From the Apple Watch and driverless vehicles, to hoverboards and augmented reality, we've already spoken a lot about the technology to look forward to in 2015 – but for me the most exciting technology story of 2015 will come from an unassuming workshop in Bristol.
This is where a small team of engineers, coders and rocketeers will produce Bloodhound SSC, the first car to travel at more than 1,000 miles per hour. Having already had over 110 man-years invested into its development, Bloodhound will run for the first time later this year, first at around 200mph in the UK, before heading to South Africa to beat the current land speed record of 763mph.
Having already had over 110 man-years invested into its development, Bloodhound will run for the first time later this year, first at around 200mph in the UK, before heading to South Africa to beat the current land speed record of 763mph.
Next year, the 7.7-ton car will go beyond 768mph, the speed of sound, and on to a theoretical top speed of 1,050mph.
Reaching such high speeds is difficult and requires an incredible amount of power. Bloodhound combines a Rolls-Royce EJ200 jet engine – as used in the Eurofighter Typhoon – plus a cluster of Nammo hybrid rockets to produce 135,000 horsepower, or the equivalent of 180 Formula One cars.
Bloodhound will burn through its supply of rocket fuel so quickly that a 5.5-litre V8 engine from the Jaguar F-Type sports car, producing 550bhp, is required to feed it.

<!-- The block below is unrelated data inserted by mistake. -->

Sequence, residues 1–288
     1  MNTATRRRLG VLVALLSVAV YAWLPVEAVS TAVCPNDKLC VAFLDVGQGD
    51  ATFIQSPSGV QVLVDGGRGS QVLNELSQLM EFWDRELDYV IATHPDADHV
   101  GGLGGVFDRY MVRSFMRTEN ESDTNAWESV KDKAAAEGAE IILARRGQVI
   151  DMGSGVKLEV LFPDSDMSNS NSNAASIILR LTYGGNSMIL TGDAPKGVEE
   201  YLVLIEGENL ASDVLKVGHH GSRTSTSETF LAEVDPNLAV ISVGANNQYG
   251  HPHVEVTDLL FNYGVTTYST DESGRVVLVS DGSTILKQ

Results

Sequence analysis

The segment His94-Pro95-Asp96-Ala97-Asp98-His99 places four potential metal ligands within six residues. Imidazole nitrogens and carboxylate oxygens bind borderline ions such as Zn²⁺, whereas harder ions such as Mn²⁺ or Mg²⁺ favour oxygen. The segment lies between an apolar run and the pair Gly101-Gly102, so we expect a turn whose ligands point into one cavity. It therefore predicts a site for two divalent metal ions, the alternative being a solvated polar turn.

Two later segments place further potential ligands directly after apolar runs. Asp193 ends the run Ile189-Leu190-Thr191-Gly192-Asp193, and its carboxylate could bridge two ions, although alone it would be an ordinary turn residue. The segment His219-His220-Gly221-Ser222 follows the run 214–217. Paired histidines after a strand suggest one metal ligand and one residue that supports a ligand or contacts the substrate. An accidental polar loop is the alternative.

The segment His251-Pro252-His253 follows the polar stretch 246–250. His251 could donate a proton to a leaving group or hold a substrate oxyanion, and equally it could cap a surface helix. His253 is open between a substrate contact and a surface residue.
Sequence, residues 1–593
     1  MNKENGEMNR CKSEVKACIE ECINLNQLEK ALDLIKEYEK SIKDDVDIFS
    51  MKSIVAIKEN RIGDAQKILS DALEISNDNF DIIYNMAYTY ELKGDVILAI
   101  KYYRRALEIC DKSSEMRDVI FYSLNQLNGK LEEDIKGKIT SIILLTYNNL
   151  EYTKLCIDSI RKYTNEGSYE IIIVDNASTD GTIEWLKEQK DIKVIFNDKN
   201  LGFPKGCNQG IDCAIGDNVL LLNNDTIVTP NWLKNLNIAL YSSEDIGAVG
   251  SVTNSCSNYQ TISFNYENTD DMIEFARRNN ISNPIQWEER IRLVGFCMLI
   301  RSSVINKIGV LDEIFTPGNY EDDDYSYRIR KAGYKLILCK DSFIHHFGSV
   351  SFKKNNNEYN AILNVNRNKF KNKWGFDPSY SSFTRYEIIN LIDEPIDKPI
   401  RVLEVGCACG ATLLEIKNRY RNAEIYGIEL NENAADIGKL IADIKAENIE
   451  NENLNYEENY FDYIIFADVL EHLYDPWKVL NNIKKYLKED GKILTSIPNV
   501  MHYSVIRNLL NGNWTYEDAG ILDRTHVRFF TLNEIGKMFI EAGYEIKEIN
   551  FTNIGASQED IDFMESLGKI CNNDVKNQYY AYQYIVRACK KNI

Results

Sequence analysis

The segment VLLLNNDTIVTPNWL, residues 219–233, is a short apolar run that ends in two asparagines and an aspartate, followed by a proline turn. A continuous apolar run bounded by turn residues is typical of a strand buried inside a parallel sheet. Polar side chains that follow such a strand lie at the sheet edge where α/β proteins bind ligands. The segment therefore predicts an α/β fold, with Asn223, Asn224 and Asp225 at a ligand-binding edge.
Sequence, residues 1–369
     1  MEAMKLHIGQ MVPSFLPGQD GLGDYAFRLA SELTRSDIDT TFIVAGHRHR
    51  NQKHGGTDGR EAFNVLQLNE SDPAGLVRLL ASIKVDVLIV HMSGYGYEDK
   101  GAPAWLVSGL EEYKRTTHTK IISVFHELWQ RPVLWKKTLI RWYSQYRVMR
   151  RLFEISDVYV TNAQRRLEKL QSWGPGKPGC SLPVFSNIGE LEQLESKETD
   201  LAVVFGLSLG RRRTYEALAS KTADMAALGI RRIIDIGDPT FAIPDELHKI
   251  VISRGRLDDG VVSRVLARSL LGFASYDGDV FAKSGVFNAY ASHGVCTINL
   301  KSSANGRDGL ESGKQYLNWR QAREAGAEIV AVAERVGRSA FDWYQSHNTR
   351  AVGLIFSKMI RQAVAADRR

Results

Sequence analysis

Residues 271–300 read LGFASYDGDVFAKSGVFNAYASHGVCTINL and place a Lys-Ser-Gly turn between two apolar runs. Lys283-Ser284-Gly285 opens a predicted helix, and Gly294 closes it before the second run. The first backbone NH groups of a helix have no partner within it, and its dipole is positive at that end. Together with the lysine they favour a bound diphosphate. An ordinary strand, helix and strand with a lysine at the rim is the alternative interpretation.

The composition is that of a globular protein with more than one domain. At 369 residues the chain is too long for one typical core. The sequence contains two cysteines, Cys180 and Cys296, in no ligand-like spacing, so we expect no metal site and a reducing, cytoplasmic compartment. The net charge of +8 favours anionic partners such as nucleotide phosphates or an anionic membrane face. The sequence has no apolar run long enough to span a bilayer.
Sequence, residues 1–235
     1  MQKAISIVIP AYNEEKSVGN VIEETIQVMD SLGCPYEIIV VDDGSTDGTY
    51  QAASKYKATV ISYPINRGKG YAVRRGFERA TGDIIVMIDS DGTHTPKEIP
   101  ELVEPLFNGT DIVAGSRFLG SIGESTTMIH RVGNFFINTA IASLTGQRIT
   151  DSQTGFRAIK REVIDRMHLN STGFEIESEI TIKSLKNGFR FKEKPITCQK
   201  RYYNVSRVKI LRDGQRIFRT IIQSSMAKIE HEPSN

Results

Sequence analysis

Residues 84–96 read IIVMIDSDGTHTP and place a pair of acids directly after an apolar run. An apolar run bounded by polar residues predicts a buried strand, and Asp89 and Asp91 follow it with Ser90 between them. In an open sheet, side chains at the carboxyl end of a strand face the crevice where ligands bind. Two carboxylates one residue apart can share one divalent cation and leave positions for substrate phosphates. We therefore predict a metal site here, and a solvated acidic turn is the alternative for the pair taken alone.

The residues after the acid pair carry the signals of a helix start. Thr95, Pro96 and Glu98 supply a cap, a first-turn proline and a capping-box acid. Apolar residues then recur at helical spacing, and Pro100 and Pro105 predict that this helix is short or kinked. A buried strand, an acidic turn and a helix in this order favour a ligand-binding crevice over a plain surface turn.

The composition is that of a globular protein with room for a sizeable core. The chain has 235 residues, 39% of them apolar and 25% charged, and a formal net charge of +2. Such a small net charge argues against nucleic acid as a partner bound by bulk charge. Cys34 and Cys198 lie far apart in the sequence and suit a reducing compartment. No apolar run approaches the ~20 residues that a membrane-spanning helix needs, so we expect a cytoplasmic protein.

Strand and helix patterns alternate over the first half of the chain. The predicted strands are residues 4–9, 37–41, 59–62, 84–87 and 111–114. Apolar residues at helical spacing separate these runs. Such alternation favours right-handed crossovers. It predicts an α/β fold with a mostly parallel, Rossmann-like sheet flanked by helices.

Any vehicle competing to set a new land speed record must cover a measured mile, turn around, refuel, and cover the same mile in the opposite direction within an hour. An average of the two runs is then compared to the current record. At top speed, Bloodhound, which will be driven by RAF Wing Commander Andy Green, will cover that mile in 3.6 seconds, at a rate of 4.5 football pitches every second.
This summer, Bloodhound will complete its first runs of up to 200mph at the Aerohub runway in Newquay, before heading to The Hakskeen Pan in Northern Cape, South Africa, where a 12-mile long, two-mile wide track is being cleared of rocks and flattened.
But Bloodhound isn't just a vanity project to say Britain built the world's fastest car. More than 5,700 UK primary and secondary schools, plus 600 in South Africa and thousands more around the world, use educational materials provided by the project. The team's aim is for every school child in the UK to have had at least one Bloodhound lesson or experience before the car reaches its 1,000mph goal in 2016, and for this to inspire a new generation of engineers.
IBTimes UK will be visiting the Bloodhound factory in a video feature in early 2015.